Technologies search results
16 Results for ''
Human Ovarian Organoids to Improve Women’s Health
Gameto is using the Wyss Institute’s fully human ovarian organoid technology to solve the global problem of rising infertility by making IVF safer, cheaper, and more accessible.
Ichor: Reversing Aging
Ichor is addressing multiple age-related diseases by identifying genetic interventions that reprogram old cells to a younger state. Therapies based on these interventions could improve survival for cancer patients and long-term cardiovascular and neurological health.
Metabolically Labeled CAR-T Cells Against Cancer
Through a simple and effective metabolic labeling approach, patient-derived T cells engineered to carry immune-enhancing cytokines on their surfaces could help expand adoptive T cell therapies to treatment of solid tumors and improve blood cancer therapies.
SomaCode: Getting Cell Therapies Where They Need to Go
SomaCode is solving the problem of cell therapy delivery by identifying unique molecular “zip codes” for disease and engineering cells to home to those zip codes, making cell therapies safer and more effective.
Bone Marrow-Like Scaffolds for Accelerating Immune Reconstitution
An implantable bone marrow cryogel to accelerate the full reconstitution of the immune system, including T cell immunity, in patients that received chemotherapy and a bone marrow transplant. This could provide an off-the-shelf, material-based solution for patients with severe blood disorders whose immunity is recovering only slowly after treatment.
Single-Cell Encapsulation for Improved Cell Therapies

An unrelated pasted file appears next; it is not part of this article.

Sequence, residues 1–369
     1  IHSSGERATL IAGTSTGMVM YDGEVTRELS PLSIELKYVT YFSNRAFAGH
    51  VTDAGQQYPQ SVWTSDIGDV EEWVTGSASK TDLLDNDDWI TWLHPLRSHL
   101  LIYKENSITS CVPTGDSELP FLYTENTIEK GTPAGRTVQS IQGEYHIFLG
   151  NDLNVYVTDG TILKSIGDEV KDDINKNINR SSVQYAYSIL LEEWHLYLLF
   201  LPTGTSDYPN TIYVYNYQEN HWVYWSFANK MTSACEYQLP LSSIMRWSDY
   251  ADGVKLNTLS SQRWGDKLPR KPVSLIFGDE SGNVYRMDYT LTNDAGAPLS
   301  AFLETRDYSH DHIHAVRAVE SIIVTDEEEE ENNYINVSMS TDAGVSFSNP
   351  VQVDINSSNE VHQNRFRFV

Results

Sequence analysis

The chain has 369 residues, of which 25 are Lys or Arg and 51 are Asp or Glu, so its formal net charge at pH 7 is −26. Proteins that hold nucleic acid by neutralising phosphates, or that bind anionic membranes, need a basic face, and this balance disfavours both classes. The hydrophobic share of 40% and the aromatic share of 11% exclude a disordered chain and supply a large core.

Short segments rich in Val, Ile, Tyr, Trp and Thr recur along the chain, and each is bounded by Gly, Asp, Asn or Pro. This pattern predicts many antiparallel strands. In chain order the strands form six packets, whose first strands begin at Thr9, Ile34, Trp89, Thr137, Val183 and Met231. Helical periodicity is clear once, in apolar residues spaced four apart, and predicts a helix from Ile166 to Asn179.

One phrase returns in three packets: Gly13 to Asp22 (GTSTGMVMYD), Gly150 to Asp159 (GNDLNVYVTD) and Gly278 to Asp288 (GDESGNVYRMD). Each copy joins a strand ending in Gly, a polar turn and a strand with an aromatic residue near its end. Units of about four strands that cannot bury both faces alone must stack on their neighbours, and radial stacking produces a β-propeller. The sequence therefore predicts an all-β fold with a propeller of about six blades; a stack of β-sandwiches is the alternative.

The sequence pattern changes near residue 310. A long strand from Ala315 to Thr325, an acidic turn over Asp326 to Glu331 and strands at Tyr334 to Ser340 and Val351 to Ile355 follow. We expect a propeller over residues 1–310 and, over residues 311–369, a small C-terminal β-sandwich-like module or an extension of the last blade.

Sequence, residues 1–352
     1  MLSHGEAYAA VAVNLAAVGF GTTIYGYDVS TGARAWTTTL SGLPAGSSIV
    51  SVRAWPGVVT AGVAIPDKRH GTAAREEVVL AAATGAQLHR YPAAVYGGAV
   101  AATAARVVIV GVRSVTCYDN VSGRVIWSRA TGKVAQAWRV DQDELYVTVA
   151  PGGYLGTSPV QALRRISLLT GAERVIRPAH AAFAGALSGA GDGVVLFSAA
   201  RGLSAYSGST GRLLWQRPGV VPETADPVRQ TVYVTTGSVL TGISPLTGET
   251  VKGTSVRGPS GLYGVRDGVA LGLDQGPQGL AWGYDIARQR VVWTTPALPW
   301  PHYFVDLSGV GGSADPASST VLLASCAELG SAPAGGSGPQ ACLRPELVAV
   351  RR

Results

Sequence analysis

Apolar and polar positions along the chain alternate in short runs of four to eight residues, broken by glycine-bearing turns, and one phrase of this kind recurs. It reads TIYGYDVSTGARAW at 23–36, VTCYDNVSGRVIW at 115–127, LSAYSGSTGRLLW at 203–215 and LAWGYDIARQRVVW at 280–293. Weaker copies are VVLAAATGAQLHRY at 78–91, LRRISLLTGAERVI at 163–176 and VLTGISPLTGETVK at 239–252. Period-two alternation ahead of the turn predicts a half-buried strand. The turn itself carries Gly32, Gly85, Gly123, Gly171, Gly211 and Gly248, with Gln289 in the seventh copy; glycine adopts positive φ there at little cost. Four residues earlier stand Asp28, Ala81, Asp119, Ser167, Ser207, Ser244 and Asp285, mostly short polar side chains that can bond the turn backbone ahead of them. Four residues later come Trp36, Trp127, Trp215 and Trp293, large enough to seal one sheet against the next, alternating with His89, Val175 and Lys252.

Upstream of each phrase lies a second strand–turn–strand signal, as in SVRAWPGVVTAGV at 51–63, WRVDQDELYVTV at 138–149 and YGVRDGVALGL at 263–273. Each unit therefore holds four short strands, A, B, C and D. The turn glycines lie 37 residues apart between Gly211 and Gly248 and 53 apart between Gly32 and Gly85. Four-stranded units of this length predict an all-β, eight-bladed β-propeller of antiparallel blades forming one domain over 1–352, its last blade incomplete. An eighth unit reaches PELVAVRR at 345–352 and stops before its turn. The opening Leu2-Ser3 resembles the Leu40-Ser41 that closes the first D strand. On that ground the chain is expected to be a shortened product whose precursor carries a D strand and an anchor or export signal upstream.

The Problem Mesenchymal stromal cells (MSCs) are valued for their ability to secrete compounds that modulate the body’s immune system, making them an attractive solution for existing problems with cell therapies including host-vs-graft disease and organ transplant rejections. However, MSCs are rapidly cleared from the body and can come under fire from the immune system....
Biomaterial Scaffolds for T Cell Expansion
Immunotherapy, or tweaking the body’s own immune system to treat disease, is attracting significant attention in the medical field for its potential to offer long-lasting cures with fewer side effects than chemotherapy or other drugs. One type of immunotherapy involves isolating T cells (a type of white blood cell) from a patient’s body, sometimes modifying...
T Cell Traps
T cells, a subtype of white blood cells, play key roles in cell-mediated immunity, be it to fight infections and cancer or, when corrupted, to react against the body’s own cells in more than 80 autoimmune diseases, including type I diabetes, multiple sclerosis, rheumatoid arthritis and others. However, isolating disease-related T cells from the body...
Fusion Proteins for Reduced Drug Toxicity
Therapeutic variants of the natural hormone erythropoietin (EPO) which is produced in the kidney to boost the production of red blood cells are commonly used to treat anemias stemming from kidney disease, chemotherapy and other complications. However, many drugs that are based on therapeutic proteins, including EPO, often cause unwanted side effects because they not...